Planking and the law
By Mr Justice P W Young AO
There are reports that it has become a popular practice within certain sections of our community for a person to emulate a plank of wood by lying stretched out in a precarious position. The practice has been dubbed “planking”. It is dangerous and seems to have brought about a few accidental deaths.
The Adelaide Advertiser of 26 May carried the sub-headline, “Planking ‘almost impossible to outlaw’”. It noted the South Australian Attorney General’s view that it was “unfeasible” to legislate against planking.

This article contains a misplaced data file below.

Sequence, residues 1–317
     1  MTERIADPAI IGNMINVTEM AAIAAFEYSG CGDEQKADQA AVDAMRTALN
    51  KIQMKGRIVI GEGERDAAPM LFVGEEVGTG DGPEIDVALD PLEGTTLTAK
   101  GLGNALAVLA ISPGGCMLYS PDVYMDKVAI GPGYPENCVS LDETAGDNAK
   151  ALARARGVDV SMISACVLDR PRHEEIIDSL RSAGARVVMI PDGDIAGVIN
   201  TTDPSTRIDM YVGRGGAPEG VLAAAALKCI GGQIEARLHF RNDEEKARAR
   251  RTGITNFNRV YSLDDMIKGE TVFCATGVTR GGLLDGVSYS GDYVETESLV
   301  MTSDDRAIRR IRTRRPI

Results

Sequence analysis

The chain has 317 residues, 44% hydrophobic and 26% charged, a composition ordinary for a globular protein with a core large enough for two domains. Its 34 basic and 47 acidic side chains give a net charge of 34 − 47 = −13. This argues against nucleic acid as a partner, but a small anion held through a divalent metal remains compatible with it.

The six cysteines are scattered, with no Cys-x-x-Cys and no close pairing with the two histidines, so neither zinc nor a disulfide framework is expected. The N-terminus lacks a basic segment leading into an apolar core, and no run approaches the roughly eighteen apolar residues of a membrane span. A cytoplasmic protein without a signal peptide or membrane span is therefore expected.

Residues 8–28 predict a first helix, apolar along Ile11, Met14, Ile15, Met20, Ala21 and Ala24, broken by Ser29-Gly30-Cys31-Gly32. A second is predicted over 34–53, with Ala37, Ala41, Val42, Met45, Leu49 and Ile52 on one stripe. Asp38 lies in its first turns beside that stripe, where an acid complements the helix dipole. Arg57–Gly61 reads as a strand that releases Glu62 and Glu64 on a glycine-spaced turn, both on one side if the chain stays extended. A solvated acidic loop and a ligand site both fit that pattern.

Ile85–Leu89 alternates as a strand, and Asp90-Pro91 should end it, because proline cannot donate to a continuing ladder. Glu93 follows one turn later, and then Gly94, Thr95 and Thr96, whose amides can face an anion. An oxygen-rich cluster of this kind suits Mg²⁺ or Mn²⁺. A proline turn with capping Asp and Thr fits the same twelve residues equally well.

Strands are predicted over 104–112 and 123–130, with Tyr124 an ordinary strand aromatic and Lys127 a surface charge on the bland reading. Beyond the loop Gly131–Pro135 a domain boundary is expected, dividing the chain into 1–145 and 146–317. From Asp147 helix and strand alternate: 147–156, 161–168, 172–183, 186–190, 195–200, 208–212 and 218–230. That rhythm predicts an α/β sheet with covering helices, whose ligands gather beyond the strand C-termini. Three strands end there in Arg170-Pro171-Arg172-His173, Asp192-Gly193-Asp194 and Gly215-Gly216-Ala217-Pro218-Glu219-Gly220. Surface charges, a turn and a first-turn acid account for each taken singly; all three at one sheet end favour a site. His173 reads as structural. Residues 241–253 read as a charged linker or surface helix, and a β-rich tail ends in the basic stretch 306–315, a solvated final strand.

If you were the South Australian Government and wanted to stop planking, how would you do it? Would you require people who intended to plank to get a licence after examination by a psychiatrist and merely make unlicensed planking a crime? Would you merely impose a stamp duty on a planking licence of sufficiently high amount to limit planking to the “ruling classes”? Would you authorise the Commissioner of Police to form an undercover planking squad to infiltrate groups that might be planning planking?
Perhaps one of our law schools might assist by setting an assignment to draft an effective anti planking Bill.